Was Scepters, New Kingdom Onwards|
This view courtesy of Mogg Morgan
While tracking down the source of an image TeVelde used, I found info on the huge was scepter found at the ancient Temple of Set in Naqada:|
"Within the temple, in the most N.W.
chamber, were a large quantity of fragments of blue
glaze. After getting these to England, we at last
found them to be parts of a gigantic uas sceptre,
about 7 feet high (LXXVIII). This could be
mainly restored, and has been erected at South
Kensington Museum. It gives a fresh Ka name,
vulture and uraeus name, and golden hawk name,
though too much broken to be all restored with
certainty. It was made by baking the sandy core
in 8 or 10 separate pieces, each made on a centering
of straw twist. These were engraved with all the
devices, placed in one column, with the head-piece
separate, covered with glaze and fired in a kiln, which
was capable of baking a length of five feet upright,
without letting the glaze become burnt or unequally
heated. It is the greatest triumph of glazing known
in ancient work." _Naqada and Bellas_, Petrie, page 68
Thanks to Jon Bodsworth via 'cyberlynx' _wAs Sceptre Theories_, and Mogg Morgan of Ombos - House of Life we do have some idea of its appearance:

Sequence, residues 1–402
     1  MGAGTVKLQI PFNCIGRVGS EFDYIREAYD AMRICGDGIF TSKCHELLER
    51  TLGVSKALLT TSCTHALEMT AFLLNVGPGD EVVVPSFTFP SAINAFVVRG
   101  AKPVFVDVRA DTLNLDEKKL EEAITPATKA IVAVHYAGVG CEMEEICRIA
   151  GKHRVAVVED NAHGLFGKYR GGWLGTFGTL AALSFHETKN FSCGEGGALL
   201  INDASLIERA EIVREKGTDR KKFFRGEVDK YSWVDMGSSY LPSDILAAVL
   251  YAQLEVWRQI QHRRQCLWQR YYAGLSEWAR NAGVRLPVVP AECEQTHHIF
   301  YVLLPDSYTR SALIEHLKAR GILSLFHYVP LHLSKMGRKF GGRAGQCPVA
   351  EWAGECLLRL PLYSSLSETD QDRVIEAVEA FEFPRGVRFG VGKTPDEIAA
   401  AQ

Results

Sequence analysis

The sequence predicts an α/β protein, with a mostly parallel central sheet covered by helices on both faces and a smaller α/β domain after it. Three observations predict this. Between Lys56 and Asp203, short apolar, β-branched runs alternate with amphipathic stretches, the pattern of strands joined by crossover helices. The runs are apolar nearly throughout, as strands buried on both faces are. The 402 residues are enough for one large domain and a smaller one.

The above photo © Jon Bodsworth.
This view courtesy of Mogg Morgan of Ombos - House of Life
Frontal view also Mogg Morgan
Could the scepter have had Ka arms when it was new?
I was privileged to see a complete scepter while seeing the treasures of King Tut in 2005 at the Lacma museum:|
faience Ankh, wooden Djed, and faience Was scepter
It is about 16 inches high (40cm), made of faience and comes from the 18th dynasty, reign of Amenhotep II. It was found in Thebes, in the Valley of the Kings, in Amenhotep II's tomb, as did the Ankh and wooden Djed pillar also seen in the above photo.
(Pardon the book scan. I would have had my own photo, if it had been allowed!). So this scan comes from the companion book to the exhibit, _Tutankhamun and the Golden Age of the Pharoah_, photos by Kennett Garrett and text by Zahi Hawass. Hawass doesn't accept the many conclusions of other scholars and declares the identification with Set not "identified satisfactorily".. However, the vast majority agree, it is Set.